Michigan's Super Drunk Law After Six Months
Some following the law have noted that due to plea deals, many convicted of this law are going to rehab rather than jail. One of the provisions of the law was to double the jail term from 90 to 180 days for convicted super drunk drivers.
According to Eaton County district judge Harvey Hoffman, an early proponent of the new law, more folks are jumping into sobriety courts, or extended rehabilitation programs. Judge Hoffman cites chronic jail overcrowding as a chief factor in sentencing super drunks to rehabilitation over a six-month jail bit.
Of course, here in Oakland County, there is no such thing as a plea bargain and the prosecutor no longer participates in district sobriety courts. If you are charged under the Super Drunk law, you will not get an offer to reduce the charge to impaired driving, even if it is your first offense. Your fate will be in the hands of your sentencing judge.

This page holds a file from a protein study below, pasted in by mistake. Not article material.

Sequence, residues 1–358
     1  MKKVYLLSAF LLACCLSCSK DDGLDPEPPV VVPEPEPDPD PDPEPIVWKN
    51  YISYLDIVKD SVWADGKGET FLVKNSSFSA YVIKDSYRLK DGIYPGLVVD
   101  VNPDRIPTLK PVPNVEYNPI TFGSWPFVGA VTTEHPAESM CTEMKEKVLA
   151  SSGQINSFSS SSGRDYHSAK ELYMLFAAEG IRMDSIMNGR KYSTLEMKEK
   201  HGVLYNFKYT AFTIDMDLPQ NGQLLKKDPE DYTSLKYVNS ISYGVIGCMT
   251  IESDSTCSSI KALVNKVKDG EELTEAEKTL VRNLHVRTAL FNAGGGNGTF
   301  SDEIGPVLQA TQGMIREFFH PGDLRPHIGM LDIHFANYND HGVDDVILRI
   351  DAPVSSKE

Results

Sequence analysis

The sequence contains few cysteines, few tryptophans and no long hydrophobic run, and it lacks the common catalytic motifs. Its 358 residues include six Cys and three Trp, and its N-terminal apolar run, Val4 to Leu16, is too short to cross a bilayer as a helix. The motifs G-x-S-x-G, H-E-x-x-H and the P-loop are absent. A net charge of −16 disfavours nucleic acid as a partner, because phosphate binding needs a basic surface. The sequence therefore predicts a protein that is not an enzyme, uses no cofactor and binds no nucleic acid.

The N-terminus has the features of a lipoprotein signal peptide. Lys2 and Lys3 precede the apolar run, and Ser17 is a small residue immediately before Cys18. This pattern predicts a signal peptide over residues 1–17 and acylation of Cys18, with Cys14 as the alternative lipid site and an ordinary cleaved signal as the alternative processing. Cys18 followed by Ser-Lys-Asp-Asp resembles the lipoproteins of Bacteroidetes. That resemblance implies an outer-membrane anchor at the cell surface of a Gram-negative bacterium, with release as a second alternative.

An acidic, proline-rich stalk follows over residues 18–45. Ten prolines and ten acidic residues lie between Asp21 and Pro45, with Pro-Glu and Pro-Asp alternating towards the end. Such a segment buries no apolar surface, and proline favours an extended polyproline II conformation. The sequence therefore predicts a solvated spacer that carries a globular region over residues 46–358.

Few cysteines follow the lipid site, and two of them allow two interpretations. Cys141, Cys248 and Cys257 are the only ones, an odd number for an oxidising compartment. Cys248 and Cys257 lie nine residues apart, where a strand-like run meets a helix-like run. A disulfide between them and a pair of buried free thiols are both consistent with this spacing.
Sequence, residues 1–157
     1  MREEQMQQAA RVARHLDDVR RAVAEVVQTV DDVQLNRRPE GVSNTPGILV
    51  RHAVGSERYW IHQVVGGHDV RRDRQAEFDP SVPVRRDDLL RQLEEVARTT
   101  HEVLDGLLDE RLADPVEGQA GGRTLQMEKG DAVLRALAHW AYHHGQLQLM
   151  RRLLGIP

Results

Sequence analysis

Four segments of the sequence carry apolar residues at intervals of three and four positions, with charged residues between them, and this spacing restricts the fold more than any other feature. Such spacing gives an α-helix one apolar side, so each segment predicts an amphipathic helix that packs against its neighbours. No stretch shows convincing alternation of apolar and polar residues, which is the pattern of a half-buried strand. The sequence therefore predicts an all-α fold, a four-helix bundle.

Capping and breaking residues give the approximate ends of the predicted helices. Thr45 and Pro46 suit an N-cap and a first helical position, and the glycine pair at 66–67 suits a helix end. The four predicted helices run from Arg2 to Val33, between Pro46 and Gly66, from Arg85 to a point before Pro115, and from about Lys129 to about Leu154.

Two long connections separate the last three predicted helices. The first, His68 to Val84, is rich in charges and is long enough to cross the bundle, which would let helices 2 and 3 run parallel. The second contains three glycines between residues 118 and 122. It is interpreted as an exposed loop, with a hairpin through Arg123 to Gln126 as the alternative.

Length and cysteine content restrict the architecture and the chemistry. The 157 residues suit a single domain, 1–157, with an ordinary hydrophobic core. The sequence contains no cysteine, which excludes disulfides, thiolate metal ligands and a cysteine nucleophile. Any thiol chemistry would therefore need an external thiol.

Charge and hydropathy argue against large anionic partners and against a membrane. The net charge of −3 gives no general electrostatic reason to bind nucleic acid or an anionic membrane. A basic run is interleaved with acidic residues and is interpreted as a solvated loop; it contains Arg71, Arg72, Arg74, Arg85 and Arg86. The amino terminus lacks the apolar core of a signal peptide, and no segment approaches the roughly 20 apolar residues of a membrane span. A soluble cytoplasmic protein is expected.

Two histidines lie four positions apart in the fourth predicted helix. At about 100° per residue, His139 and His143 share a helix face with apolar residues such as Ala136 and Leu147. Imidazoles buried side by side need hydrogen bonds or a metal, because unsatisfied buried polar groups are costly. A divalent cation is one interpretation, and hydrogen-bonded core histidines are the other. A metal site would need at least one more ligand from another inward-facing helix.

By comparison, the Eaton County prosecutor has a new policy in super drunk cases of approving a plea reduction to impaired in exchange for the accused's assent to enter into a sobriety court program, forcing the offender to come to terms with their drinking problem.
The 0.17 blood alcohol level which triggers the new law is not an outrageously high BAC. On average, the BAC of an arrested driver is 0.16; very close to the super drunk threshold.
So the best thing to do is simply stay off the roads when you've had too much to drink; that way, we're all safer. If you cannot do that, go on ebay and purchase a "Big Blue Book" as a compulsory 12-step program may be in your future.